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Monday, February 6, 2017

Revolutionary Portraits


I wrote this post for another blog last year. But I just did this art project with my fifth graders this year and they came out so amazing that I thought I would share my post here at The Research Based Classroom too.

I'm sure your day is just as packed as mine is. There's so much to teach and so little time to teach. That's why anything that can be integrated just makes sense. I have to admit that integrating has actually been a little more difficult for me this year. Maybe integration in education is a higher level planning skill. Right now I am so focused on what I have to teach, that I'm not spending enough time on how I can teach it. But I was forced into thinking about this a little more this past week. Our district visual arts specialist was coming around to observe an integrated art lesson. As a grade level team we had already come up with some ideas for integrating the arts into our curriculum, but none of those ideas fit into what I'm teaching right now. So I started trying to find something that would. I'm pretty much on the road to rebellion in social studies and I just bought this really great book. I have been really excited about this book and it hit me while I thumbing through it the other day that we could do something with portraits and quotes from the Revolutionary War figures we were learning about.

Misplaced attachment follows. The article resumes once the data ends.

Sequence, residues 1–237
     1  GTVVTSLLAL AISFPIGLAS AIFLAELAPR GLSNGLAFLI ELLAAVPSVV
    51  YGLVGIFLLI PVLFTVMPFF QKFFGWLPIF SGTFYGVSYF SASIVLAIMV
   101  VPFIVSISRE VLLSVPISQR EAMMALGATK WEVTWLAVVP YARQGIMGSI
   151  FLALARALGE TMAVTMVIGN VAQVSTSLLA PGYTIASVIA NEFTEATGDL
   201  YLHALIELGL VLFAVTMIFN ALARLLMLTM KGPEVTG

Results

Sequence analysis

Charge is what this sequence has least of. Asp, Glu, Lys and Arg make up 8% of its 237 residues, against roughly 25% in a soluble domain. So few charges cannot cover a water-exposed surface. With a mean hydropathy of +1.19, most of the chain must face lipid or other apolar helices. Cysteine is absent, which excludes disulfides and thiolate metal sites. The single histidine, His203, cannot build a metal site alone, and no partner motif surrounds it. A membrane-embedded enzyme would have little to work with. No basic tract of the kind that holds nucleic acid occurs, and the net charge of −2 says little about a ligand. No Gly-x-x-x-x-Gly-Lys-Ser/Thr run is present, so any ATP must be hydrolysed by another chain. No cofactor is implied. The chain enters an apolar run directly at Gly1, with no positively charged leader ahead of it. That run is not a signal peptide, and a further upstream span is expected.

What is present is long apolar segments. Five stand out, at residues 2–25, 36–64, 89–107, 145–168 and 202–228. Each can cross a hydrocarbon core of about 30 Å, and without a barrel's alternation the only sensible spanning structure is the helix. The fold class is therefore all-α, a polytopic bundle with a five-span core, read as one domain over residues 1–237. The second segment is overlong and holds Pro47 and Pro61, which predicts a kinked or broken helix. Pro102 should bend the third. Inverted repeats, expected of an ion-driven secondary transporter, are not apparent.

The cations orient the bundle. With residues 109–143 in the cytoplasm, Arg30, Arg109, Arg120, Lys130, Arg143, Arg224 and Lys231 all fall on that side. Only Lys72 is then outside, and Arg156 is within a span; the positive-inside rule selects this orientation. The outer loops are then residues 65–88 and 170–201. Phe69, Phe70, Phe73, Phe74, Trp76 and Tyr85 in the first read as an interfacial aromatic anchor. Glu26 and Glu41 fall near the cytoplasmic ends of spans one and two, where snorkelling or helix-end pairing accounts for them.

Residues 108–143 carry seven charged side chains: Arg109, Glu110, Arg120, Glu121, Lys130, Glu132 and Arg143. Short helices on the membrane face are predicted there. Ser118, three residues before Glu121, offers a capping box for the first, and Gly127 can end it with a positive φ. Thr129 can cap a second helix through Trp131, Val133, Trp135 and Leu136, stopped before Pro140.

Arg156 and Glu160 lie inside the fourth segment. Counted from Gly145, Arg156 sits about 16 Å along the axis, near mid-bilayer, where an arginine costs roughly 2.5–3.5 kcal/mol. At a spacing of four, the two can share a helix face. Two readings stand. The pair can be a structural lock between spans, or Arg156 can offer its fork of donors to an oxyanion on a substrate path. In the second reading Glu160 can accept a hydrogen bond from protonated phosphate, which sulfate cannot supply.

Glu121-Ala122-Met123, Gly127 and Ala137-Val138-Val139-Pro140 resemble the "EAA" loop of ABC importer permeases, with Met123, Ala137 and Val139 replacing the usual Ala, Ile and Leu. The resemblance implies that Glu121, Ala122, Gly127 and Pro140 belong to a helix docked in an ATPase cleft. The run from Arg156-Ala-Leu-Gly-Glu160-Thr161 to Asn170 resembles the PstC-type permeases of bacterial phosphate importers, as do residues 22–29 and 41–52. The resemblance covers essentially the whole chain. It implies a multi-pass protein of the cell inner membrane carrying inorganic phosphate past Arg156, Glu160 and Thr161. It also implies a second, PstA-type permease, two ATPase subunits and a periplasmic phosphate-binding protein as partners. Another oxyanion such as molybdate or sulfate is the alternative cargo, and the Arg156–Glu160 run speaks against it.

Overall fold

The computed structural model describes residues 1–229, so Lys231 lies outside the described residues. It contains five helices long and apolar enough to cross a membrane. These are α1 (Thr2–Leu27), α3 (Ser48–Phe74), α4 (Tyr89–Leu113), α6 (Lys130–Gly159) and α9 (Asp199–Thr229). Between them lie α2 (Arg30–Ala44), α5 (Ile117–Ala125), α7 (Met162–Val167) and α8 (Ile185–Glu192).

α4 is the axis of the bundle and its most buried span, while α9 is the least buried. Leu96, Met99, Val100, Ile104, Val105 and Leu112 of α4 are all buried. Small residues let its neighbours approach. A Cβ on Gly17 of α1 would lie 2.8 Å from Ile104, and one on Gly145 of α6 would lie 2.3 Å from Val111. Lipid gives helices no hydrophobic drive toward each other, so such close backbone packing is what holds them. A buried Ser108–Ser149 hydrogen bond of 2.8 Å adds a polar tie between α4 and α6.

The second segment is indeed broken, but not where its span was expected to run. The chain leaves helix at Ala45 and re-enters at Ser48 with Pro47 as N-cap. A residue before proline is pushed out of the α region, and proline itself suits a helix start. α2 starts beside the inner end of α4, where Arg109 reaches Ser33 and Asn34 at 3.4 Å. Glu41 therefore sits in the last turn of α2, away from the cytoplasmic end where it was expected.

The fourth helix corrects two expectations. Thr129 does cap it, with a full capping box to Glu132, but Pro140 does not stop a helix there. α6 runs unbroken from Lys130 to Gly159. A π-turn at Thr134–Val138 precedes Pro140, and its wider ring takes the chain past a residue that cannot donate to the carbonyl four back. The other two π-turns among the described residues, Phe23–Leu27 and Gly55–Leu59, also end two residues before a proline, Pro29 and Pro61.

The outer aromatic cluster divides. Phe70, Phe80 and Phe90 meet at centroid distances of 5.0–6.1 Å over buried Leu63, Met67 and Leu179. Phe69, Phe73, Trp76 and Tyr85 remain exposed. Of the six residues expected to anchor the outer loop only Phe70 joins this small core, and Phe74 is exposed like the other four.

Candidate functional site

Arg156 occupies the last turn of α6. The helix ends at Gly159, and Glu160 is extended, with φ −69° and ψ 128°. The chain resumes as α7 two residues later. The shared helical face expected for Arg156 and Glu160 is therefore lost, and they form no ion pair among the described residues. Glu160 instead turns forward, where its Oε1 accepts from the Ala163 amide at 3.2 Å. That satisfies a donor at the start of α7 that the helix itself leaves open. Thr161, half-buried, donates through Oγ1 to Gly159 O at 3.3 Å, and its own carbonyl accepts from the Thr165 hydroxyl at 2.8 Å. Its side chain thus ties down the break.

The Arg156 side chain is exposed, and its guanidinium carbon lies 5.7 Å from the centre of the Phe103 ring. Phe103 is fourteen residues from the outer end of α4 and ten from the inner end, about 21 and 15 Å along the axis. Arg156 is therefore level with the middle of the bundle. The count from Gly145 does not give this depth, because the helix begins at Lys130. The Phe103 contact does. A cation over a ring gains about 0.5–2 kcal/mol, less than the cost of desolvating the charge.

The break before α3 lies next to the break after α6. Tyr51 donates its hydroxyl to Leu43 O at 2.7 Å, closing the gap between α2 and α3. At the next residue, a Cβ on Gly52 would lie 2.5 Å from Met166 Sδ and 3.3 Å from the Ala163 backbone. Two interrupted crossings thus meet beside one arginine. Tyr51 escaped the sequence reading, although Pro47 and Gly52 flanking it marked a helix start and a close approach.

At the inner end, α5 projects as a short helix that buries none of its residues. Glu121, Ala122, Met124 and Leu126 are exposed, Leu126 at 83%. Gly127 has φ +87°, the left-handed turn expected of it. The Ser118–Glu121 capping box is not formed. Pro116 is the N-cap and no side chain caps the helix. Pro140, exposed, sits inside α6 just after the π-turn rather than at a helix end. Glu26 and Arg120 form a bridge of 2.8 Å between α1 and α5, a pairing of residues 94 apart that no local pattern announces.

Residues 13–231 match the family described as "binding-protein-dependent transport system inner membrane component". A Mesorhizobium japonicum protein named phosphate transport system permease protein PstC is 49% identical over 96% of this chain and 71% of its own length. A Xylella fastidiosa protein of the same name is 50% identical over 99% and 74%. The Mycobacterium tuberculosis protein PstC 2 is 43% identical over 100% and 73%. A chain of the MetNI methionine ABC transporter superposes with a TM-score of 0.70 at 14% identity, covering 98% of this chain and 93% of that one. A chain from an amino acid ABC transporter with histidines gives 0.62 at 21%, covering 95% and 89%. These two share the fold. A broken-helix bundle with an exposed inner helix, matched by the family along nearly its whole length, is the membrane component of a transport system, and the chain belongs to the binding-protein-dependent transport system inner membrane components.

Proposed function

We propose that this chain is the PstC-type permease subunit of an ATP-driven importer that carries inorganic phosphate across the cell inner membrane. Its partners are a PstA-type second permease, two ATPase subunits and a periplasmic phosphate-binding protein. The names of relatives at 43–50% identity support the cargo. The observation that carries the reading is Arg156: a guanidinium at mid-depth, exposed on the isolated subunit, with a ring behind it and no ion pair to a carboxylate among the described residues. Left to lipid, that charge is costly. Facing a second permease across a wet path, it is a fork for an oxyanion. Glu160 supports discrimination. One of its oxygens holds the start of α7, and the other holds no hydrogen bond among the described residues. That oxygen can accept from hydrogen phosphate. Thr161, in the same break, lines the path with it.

Click on the book cover to go to Amazon.

Once I had decided on portraits for the art lesson, I went looking for some tutorials on drawing portraits. I was thinking that some face proportion help was what I needed, But then I found this portrait lesson on Deep Space Sparkle. I loved the way her student's Modigliani inspired portraits came out. So I decided to try oil pastel portraits of Revolutionary War heroes and heroines. I created a PowerPoint to help us get started. On the first page I put a handful of Modigliani portraits that we looked at together and started creating a list of characteristics of his work. Then we picked a hero or heroine from the Revolutionary War to draw. Everyone had a picture of the person they chose and we went to work. We drew with black oil pastels on black construction paper. After we finished coloring in everything, we went back and traced over all of the black lines once again to make everything stand out. I absolutely love how these came out.


Right now the pictures are all hanging in the hallway and my students have made name tags for each one. My next stop on this road to rebellion will be adding short biographies telling about the extraordinary things each of these heroes and heroines did during the war and maybe we will even add some quotes among the artwork. 

2017 Update: This year I had my students pick anyone they wanted to draw. I created a list of about 30 people from the revolution that they could choose from, but I didn't limit it to just them.  Then everyone was required to email a picture of their person to me. I put the pictures into a PowerPoint so that my students would have access to the pictures while they were drawing. You could also print out the pictures if you don't have a class set of devices. I also assigned them to research their person. They looked for information about their person before the Revolutionary War, during the war, and after the war. They then used their research to write a paragraph, which is hanging by their portrait. I liked this better than last year because it gave us a chance to learn about more people.


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